Dennis, Thank you. I may need to clarify a couple of points, but we're probably pretty much in agreement. In reference to "Surveyed every department in the DC area" I have no doubt that "Someone" in my County was in on this. My point is that those who work on things like this need to deal with the people who might not make it back from the next run, NOT the political appointees (outside the department) who have their very own self serving political agenda which does NOT include my survival.

    I have no problem understanding that we need to communicate between the myrid agencies that get involved on a major incident, but there are those (I've met a few) that want a "Star Wars" approach to this problem, involving hundreds of Millions of dollars, so that everyone can talk to everyone. I respectfully submit that there is a huge difference between the amount of people who NEED to talk to the I.C. of a major incident, and the amount of people who simply WANT to do so. I love people, but I do NOT want to hear from the dogcatcher while I'm running a Fireground.
    Last edited by hwoods; 05-15-2006 at 05:34 PM.
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    Quote Originally Posted by waterboy1
    This is all fine and we are quite capable of all of the enhanched radio equipment. My problem is that this bozo in the position he is in, should not be talking about "spoon feeding" the nations police and fire department. If he would like the nations departments to train then tell them so in an adult manner. And yes I did take offense to his statement.
    This is really true...especially since YOU are acting like such an adult.

    This nation's fire service can't look out the window and agree if it's day or night. We have department's that favor gold leaf over funcitonal interior fire fighting equipment. Most fire departments consider words like regoinalization, consolidation, cooperation and interoperability as dirty words. We want the federal government to give us wheelbarrows full of money but do not want one shred of accountability in exchange. And you want the DHS to take the fire service seriously? Please. Under today's current climate NO ONE should take the fire service seriously.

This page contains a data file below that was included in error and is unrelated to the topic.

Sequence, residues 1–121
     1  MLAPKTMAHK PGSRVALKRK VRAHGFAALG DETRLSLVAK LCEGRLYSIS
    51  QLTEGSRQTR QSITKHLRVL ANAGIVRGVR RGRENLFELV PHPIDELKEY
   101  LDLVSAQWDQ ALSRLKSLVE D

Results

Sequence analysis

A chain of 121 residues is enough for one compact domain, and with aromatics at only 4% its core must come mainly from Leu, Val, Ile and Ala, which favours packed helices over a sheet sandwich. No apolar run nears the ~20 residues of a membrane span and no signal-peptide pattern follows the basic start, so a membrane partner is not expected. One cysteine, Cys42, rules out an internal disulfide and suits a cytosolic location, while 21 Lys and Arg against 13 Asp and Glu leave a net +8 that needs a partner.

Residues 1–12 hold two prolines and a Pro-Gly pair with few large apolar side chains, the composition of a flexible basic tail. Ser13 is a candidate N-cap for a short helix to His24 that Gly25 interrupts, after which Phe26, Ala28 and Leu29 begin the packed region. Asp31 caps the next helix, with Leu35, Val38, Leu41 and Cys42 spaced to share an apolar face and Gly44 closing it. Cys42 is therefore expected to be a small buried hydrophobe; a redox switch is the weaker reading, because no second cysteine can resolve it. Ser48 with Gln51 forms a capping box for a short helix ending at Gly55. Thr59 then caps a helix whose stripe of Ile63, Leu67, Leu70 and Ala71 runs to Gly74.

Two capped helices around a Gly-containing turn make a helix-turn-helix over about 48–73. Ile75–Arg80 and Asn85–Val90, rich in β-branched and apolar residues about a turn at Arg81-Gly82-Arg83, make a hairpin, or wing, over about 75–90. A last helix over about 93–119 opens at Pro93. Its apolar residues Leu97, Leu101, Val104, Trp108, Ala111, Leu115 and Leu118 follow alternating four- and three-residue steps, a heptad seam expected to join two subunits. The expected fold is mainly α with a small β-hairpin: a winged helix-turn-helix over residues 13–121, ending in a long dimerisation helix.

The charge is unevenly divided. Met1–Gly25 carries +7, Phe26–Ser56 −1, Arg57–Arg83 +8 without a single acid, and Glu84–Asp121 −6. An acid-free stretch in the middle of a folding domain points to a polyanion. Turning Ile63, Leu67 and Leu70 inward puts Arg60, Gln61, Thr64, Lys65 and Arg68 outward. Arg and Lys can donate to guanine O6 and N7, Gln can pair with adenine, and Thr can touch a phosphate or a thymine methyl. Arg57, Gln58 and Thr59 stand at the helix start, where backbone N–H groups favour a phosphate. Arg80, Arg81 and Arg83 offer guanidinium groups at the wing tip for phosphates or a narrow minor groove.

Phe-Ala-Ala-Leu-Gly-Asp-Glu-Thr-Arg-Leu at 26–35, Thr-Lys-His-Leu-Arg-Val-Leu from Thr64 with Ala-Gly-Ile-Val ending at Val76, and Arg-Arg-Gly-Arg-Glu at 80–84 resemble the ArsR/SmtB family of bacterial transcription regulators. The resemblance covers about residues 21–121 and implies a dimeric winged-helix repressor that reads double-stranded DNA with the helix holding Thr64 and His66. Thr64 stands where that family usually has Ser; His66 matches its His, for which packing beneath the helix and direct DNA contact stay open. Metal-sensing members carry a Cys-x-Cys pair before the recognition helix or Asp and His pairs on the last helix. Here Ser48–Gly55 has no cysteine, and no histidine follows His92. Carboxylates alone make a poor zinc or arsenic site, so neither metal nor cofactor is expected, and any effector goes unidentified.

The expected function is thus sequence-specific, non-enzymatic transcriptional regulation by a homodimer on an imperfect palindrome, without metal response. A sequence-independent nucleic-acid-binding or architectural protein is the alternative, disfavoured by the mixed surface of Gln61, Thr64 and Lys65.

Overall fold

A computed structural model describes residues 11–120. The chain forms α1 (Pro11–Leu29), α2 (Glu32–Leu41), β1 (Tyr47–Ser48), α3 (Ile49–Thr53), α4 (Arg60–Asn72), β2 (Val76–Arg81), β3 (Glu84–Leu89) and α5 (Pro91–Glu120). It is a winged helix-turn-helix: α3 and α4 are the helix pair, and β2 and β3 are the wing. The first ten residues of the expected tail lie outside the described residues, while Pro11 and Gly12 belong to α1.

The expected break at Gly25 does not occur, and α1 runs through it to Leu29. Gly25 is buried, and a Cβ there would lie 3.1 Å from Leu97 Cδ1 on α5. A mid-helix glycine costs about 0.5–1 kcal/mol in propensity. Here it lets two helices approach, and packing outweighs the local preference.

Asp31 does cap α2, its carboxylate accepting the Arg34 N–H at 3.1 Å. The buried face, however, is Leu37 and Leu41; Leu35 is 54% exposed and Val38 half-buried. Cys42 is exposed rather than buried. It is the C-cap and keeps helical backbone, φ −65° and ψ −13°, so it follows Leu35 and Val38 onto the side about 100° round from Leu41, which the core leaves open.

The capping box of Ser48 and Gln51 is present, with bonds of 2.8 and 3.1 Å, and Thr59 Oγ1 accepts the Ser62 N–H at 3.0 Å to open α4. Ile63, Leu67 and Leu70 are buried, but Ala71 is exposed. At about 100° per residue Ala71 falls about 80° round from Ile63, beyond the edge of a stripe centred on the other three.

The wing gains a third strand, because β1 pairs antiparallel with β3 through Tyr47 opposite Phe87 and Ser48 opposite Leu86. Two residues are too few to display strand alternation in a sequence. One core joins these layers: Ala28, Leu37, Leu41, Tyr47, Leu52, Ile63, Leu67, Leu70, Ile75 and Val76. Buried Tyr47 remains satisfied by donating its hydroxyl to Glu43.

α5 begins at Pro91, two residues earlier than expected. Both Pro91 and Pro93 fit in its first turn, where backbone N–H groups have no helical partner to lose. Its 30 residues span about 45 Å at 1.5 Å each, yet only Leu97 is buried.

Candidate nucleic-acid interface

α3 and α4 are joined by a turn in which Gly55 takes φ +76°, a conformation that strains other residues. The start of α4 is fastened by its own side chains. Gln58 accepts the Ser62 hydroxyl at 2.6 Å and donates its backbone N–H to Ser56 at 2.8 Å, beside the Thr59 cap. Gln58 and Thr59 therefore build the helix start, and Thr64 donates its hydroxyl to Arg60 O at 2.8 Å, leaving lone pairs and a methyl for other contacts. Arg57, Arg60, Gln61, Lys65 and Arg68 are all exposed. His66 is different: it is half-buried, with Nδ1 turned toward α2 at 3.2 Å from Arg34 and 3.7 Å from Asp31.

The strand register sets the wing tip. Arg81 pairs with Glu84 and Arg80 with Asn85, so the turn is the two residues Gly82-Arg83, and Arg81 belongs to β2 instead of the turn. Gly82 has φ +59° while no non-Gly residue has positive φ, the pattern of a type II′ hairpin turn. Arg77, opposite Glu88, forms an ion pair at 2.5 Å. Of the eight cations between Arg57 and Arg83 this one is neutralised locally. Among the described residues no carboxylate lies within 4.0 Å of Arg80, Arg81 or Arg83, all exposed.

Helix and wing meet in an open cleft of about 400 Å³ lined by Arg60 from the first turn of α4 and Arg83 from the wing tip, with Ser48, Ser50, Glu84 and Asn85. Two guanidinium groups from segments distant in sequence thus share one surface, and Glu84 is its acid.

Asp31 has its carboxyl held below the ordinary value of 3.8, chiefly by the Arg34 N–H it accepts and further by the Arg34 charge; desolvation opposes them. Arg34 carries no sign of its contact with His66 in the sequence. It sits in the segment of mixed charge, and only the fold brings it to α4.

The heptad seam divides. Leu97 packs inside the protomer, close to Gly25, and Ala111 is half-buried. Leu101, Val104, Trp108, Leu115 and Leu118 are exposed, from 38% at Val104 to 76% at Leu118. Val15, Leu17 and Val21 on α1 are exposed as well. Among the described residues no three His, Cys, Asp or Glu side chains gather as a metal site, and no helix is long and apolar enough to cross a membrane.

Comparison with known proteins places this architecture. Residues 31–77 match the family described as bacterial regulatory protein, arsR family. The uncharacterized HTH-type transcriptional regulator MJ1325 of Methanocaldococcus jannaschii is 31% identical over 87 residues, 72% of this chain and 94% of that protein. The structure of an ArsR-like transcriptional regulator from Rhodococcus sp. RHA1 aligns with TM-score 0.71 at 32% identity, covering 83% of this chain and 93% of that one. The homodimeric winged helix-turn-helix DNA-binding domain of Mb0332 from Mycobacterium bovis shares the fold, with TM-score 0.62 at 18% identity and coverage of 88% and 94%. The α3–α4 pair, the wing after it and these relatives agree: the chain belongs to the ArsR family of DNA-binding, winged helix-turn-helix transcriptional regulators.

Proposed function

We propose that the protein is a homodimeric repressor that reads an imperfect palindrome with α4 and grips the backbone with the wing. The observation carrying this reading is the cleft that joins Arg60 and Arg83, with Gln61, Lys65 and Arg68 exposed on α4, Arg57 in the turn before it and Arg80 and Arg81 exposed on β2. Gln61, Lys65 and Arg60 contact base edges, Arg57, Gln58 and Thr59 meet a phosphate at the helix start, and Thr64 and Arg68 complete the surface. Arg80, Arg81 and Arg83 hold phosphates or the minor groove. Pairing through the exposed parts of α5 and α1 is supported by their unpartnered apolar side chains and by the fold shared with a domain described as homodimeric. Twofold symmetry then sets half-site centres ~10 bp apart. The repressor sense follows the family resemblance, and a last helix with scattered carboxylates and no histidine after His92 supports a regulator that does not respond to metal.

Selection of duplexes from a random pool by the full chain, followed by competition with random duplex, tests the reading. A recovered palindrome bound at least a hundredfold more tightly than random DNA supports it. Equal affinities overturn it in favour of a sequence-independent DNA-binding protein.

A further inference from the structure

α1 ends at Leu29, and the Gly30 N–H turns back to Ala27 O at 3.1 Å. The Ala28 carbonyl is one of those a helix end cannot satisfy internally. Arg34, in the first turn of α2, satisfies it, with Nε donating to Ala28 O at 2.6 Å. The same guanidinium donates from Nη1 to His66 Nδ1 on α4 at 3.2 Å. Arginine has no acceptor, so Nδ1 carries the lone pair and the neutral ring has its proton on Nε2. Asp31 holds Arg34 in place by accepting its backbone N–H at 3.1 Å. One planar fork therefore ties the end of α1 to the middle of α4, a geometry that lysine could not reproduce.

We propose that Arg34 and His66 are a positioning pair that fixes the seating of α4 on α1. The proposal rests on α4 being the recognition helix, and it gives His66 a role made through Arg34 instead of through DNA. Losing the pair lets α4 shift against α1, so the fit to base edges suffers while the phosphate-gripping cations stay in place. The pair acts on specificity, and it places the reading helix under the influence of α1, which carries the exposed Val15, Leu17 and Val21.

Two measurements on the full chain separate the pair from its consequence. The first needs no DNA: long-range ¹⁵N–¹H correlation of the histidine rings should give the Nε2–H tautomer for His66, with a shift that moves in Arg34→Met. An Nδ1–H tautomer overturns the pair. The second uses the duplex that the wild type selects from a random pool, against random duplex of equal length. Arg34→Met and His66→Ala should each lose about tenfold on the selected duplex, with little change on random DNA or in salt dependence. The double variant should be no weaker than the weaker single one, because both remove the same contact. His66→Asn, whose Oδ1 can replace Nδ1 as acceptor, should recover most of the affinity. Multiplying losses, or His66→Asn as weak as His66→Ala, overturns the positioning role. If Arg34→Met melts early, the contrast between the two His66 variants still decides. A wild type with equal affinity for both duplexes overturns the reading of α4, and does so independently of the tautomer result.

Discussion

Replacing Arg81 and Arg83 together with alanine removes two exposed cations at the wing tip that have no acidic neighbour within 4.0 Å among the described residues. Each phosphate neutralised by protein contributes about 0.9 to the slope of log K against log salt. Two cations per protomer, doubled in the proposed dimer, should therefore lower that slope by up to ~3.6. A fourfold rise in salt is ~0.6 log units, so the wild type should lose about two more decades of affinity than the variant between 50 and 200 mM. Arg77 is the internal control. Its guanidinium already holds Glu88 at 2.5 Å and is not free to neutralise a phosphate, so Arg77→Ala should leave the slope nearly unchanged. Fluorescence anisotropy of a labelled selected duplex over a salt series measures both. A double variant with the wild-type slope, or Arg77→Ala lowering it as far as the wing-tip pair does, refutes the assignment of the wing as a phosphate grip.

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    Six years ago with the birth of FIRE Act, many departments were complaining because they had to agree to use NFIRS. I would be curious to know if everyone who got money began using NFIRS, if they weren't already.
    Here in Illinois, if you agree to use NFIRS and go to Springfield and take the class, the state will GIVE you the software AND the computer to run it on.
    But alas; now you have to adopt NIMS in order to get the same FIRE Act grant and many are grumbling about that.
    So, let's see; a statistical system for reporting incidents and a process to assist departments with incidents that stretch well beyond their capabilities to mitigate AND WE'RE SQUAWKING?
    It's no wonder they are talking about the military for large scale events.
    And of course, we're bitching about that.
    Maybe the states should start out with MABAS and work their way up.
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    Saying they aren't going to "spoon feed" the training to might be somewhat childish. However, it is no more childish than our own lack of training that brought about the statement in the first place. We take hundreds of thousands of dollars in grant money because we need to enhance communications. Then we hand out the radios and proceed to whine about not knowing how to use them when the ()*&$ hits the fan. Stop complaining, LEARN, and then TEACH! You are wasting or tax dollars if you buy a $1500 portable radio and never do anything with it but use channel one.
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    Quote Originally Posted by hwoods
    Dennis, Thank you. I may need to clarify a couple of points, but we're probably pretty much in agreement. In reference to "Surveyed every department in the DC area" I have no doubt that "Someone" in my County was in on this. My point is that those who work on things like this need to deal with the people who might not make it back from the next run, NOT the political appointees (outside the department) who have their very own self serving political agenda which does NOT include my survival.